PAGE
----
Economic optimism is driving growth in executive search in the charity sector
This week, the Association of Executive Search Consultants (AESC) reported positive growth within the worldwide executive search industry. Its data highlights 10% growth in the second quarter of this year, compared with last year, and year on year growth of 11%.
We’ve noticed increased demand for our executive search services over the last 18 months and expect this trend to continue. As well as businesses seeking senior executives, we are also seeing a big demand in the charity and not-for-profit sector for senior appointments, especially organisations looking for CEOs with specialist skills to take advantage of the better economic conditions.
Research released in April this year from PwC, Charity Finance Group and the Institute of Fundraising found that charities are cautiously optimistic about the future, following signs of economic recovery despite continuing challenges on funding, and are taking steps to enhance transparency in response to greater press scrutiny.
However, the research also highlighted the sector still faces challenges ahead with two thirds of respondents reporting that demand for their services had increased over the last year, with the same proportion expecting further increases in the year ahead. As a result, 27% claimed they were aiming to deliver more with the same resource as last year and 16% thought they would have to make cuts in other services to meet the additional demand.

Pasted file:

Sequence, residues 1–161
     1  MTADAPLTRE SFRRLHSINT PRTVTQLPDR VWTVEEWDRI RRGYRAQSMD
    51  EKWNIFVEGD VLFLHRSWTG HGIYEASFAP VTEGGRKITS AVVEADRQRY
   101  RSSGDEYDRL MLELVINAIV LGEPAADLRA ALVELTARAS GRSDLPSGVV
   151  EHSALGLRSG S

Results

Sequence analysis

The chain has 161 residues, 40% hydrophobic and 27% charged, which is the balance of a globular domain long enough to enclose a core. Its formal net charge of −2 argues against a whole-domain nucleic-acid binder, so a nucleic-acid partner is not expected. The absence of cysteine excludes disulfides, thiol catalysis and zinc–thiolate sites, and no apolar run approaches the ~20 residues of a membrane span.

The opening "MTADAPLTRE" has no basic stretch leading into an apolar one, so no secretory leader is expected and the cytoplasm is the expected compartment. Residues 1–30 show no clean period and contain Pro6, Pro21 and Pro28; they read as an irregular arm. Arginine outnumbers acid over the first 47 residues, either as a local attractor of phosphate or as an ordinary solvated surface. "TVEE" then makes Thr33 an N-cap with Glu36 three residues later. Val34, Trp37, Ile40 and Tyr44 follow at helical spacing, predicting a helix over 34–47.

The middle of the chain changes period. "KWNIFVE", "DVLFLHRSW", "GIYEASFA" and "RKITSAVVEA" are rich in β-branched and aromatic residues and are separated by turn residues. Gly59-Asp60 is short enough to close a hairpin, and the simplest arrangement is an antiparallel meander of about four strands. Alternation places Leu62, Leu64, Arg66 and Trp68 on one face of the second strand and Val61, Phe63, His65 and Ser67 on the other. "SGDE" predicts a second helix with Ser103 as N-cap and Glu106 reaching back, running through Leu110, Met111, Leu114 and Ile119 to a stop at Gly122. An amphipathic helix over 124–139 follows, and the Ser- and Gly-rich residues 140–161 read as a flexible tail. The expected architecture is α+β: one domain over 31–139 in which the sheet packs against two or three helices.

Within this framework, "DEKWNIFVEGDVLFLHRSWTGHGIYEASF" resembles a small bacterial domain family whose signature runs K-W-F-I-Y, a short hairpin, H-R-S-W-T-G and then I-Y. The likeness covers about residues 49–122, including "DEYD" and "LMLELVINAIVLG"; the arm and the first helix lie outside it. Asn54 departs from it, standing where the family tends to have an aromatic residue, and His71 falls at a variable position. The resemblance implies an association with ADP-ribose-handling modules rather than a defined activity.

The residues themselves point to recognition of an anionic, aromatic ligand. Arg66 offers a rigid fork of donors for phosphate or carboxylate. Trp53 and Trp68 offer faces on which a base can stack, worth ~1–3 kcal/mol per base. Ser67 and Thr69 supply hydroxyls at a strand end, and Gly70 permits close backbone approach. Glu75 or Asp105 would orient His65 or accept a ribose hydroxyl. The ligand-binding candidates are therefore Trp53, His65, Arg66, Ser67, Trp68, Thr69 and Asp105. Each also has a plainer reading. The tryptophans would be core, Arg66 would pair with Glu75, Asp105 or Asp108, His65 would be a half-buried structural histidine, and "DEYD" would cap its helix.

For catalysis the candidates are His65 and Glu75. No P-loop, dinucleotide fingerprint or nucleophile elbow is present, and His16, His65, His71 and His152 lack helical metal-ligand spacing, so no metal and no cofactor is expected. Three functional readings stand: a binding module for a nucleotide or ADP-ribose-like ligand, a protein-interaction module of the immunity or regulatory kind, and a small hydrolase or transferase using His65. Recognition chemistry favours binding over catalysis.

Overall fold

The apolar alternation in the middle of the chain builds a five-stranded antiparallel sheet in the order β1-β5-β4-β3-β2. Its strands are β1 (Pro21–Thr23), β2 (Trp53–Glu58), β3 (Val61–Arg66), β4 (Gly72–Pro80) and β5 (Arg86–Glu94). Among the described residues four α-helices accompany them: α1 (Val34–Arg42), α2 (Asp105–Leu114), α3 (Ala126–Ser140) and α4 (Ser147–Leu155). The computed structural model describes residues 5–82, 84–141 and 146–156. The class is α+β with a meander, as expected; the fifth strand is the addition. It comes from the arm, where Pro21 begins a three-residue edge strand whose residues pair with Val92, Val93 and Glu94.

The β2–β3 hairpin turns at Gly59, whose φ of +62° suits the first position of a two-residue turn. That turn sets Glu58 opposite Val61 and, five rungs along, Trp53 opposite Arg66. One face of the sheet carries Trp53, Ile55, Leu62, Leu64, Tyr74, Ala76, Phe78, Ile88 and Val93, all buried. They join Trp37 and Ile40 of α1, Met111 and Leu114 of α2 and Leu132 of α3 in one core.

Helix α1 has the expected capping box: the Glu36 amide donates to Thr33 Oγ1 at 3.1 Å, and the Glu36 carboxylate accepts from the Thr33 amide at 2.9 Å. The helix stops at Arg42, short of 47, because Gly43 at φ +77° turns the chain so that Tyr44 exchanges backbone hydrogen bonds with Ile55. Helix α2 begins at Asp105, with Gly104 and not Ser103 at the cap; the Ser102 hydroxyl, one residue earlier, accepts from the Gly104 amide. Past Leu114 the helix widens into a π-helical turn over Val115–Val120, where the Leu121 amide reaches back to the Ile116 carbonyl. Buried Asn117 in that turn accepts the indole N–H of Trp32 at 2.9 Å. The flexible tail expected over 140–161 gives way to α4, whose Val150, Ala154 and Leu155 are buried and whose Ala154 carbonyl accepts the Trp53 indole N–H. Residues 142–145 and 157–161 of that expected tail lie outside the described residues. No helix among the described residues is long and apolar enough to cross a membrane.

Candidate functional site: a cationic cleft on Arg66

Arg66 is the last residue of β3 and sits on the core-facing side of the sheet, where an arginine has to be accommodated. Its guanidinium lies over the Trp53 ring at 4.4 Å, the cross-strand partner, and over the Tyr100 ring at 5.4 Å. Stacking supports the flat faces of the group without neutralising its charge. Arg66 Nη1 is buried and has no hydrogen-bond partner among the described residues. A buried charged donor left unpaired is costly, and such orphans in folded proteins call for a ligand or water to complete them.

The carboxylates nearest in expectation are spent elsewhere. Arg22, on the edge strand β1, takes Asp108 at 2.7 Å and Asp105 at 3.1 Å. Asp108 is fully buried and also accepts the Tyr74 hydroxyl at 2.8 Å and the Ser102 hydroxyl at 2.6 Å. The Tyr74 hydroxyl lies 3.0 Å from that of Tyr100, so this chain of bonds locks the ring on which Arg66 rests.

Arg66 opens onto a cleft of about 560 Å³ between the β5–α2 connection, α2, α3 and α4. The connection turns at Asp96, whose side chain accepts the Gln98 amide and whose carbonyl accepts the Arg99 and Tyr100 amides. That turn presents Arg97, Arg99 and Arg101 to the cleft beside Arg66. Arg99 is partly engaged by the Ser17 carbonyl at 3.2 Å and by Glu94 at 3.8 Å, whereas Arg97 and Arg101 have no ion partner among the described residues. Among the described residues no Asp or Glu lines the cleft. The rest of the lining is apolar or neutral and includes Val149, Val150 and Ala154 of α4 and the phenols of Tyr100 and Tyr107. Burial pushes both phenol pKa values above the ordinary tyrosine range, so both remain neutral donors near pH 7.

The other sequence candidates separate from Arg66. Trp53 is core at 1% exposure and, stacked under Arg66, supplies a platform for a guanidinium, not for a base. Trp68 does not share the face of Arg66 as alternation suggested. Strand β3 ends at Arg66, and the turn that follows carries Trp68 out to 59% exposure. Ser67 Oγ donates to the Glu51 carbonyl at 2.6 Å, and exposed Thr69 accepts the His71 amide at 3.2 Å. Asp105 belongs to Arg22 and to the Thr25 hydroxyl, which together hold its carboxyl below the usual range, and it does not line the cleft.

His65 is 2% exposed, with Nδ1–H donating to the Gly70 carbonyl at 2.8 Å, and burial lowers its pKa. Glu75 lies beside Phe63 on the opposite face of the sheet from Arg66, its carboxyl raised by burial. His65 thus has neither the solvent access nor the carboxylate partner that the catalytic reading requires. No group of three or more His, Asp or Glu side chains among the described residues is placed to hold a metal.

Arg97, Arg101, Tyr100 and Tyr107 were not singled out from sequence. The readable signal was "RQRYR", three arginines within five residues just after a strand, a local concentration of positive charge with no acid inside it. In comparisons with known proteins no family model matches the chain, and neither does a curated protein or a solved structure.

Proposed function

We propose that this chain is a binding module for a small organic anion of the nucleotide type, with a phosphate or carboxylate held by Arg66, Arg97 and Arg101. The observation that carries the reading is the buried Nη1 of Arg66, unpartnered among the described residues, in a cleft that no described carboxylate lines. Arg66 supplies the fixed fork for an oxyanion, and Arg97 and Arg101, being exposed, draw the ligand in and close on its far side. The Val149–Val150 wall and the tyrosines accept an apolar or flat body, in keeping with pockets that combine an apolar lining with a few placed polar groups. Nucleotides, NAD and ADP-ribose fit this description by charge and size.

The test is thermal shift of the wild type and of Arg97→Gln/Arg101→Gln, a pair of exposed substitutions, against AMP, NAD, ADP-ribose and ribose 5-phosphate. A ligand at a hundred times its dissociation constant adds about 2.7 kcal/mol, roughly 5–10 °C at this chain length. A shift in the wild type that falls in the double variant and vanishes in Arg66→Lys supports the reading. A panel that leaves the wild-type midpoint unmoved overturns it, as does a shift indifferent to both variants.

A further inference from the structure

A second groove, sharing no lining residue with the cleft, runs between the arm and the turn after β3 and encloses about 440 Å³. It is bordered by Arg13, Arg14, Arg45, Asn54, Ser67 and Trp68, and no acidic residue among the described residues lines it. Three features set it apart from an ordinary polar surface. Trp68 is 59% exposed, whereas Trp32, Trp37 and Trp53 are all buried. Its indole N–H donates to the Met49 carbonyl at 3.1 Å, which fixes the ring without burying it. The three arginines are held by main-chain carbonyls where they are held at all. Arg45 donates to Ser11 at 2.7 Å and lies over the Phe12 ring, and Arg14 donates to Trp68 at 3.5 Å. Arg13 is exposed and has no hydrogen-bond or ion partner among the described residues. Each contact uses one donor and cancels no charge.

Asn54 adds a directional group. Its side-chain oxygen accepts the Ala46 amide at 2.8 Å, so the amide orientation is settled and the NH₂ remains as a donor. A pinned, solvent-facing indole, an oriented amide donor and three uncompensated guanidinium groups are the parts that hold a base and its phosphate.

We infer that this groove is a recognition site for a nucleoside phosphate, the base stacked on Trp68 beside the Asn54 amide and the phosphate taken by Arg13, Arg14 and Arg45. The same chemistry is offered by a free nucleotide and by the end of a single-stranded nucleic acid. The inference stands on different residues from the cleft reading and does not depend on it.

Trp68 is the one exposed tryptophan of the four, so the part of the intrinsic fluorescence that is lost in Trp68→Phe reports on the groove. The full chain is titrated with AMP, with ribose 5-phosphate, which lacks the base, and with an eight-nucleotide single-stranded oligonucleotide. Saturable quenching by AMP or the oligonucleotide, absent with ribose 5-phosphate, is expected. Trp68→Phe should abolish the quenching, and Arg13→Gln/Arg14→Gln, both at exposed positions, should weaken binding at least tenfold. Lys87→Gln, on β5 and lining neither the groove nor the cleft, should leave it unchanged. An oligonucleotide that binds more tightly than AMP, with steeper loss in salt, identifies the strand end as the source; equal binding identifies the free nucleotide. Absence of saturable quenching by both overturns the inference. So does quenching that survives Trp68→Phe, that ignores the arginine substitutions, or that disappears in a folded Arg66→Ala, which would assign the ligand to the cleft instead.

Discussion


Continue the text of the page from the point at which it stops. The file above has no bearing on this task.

Now more than ever, charities need talented leaders at their helm with strong business skills as they are increasingly have to act more like businesses in order to look for new fundraising opportunities, as well as operating in an increasingly regulatory environment with high expectations for transparency over finances and costs.
Many are turning to executive search companies as they have recognised they need to find more diverse people with broader skills. One charity that was recently looking for a new CEO with a rare combination of skills and experience was the Trinity Hospice.
Trinity Hospice delivers palliative and end of life care to patients and families in six London boroughs, and following the retirement of their previous CEO they needed to find a replacement. They required someone with great leadership skills, sound financial experience and strong palliative care skills. They also wanted an inspiring, visionary and enthusiastic leader - an excellent communicator with the credibility to raise the organisation’s profile in the wider public arena.
In 2015 Trinity’s funding model will become tighter so ideally the new CEO would have a successful track record of strategic and operational leadership in a changing and complex environment. They would also have a background of working on joint ventures in the private sector and the NHS and be comfortable with managing budgets of around £10million.
We helped them find Dallas Pounds, the new CEO who was chosen unanimously by the Board because of her experience which included senior management roles at The Terence Higgins Trust and Buckinghamshire PCT, as well as time spent as a palliative care nurse. Her skills bridged management skills with empathy, which was the very rare combination they were looking for.
Many charitable organisations are facing similar challenging times in terms of funding and the new regulatory environment. Now the economy is on the up for many this is now the time for them to seek out the best talent to lead their organisation and take advantage of this renewed optimism, and we expect executive search for the not-for-profit sector to boom this year.